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Milwaukee skyline. (Milwaukee Journal Sentinel.) Milwaukee skyline. (Milwaukee Journal Sentinel.)

Milwaukee skyline. (Milwaukee Journal Sentinel.)

Madeline Heim
By Madeline Heim July 2, 2021

Yes, Milwaukee saw population growth during the pandemic. But hard to tell if it’s 'record numbers'

If Your Time is short

  • Early data is showing that Milwaukee benefited from moving patterns during the pandemic. People left the country’s major metropolitan areas in favor of smaller cities, like Milwaukee, which experienced a 4.5% increase in net arrivals during 2020 compared to 2019. 

  • But it’s unclear whether, as Feigin stated, these are “record numbers.” It may be a record compared to the last decade, in which Milwaukee experienced sluggish population growth, but it’s harder to tell whether it beats out years during the 19th and 20th centuries when the city’s population was exploding.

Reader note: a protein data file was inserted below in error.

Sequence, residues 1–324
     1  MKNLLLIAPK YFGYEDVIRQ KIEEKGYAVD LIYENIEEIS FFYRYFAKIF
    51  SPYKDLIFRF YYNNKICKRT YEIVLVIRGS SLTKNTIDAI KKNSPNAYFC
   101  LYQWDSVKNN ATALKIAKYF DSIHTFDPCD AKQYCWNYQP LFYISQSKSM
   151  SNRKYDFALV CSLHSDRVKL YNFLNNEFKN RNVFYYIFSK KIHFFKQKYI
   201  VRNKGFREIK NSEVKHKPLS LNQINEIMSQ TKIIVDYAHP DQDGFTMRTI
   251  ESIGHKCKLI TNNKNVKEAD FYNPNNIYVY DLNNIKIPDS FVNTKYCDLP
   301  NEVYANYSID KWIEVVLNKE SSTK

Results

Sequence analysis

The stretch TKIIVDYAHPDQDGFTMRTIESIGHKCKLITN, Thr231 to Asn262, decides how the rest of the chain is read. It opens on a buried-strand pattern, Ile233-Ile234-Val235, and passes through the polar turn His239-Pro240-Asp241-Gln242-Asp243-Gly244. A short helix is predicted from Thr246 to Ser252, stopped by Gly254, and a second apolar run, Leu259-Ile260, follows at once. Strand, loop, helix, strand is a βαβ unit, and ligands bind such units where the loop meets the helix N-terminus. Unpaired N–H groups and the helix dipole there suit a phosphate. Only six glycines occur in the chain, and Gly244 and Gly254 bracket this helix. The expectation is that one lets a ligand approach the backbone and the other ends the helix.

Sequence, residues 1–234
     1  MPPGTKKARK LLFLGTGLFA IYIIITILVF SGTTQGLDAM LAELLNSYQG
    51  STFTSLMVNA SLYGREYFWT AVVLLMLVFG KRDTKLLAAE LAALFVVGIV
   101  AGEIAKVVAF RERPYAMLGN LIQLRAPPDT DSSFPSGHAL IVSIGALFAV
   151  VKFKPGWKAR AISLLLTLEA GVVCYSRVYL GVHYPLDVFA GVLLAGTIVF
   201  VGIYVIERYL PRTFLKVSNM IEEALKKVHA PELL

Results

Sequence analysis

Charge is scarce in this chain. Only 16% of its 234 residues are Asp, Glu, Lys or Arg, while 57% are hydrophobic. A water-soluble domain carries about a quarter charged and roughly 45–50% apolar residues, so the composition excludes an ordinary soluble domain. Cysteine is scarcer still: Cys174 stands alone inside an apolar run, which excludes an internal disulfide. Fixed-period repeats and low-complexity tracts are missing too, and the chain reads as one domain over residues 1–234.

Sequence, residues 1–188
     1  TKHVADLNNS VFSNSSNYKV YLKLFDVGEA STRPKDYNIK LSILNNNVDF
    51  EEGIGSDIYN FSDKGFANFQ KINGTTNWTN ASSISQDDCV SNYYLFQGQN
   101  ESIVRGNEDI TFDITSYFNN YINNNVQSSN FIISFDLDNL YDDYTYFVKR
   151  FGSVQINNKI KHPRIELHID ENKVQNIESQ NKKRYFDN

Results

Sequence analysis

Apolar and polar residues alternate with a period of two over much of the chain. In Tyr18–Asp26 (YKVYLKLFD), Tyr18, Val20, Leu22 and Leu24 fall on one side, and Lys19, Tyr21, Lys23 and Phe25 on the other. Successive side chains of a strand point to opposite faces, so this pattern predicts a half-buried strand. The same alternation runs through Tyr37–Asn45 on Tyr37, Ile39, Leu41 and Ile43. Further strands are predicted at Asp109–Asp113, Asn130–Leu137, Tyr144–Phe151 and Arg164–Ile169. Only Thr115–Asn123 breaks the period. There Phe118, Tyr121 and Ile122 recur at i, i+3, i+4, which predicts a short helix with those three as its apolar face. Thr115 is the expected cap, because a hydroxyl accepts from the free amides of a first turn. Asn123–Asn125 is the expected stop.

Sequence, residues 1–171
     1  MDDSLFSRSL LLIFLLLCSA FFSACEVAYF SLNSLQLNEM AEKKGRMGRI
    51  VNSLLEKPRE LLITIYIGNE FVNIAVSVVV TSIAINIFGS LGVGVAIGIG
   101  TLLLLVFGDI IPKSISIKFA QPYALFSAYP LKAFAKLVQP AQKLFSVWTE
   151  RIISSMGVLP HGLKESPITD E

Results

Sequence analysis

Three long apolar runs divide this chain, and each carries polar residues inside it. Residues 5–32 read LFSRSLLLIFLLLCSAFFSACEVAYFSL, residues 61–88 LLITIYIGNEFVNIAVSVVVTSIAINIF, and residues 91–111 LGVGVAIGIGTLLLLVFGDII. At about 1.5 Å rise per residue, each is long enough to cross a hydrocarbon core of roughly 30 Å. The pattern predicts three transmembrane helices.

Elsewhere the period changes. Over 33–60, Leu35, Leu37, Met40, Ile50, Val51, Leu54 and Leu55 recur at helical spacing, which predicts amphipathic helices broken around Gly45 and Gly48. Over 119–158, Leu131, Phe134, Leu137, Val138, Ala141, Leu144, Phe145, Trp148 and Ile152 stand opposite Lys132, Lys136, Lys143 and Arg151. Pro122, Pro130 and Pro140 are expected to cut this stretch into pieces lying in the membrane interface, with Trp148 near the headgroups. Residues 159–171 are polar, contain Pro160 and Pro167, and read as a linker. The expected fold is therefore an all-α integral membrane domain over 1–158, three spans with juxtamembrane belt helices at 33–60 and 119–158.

• More data is likely needed before a trend of record growth in Milwaukee can be established.

Correction: A previous version of this story incorrectly said that Our Town America had not responded to a request for further data. In the response, the group confirmed its research shows 10,000 new movers to Milwaukee since January of this year. The change does not affect the rating. 


If you live in Milwaukee, are from Milwaukee, or just love Milwaukee, you no doubt heard ESPN First Take’s recent comments on the city. 

The program’s host said she was glad they likely wouldn’t make the trip to the site of the NBA finals this year because "it’s going to be terrible cities." The potential cities, of course, include Milwaukee. When asked whether he’d want to make the trip to the Brew City, commentator Stephen A. Smith replied, "Hell no." 

And then outrage erupted.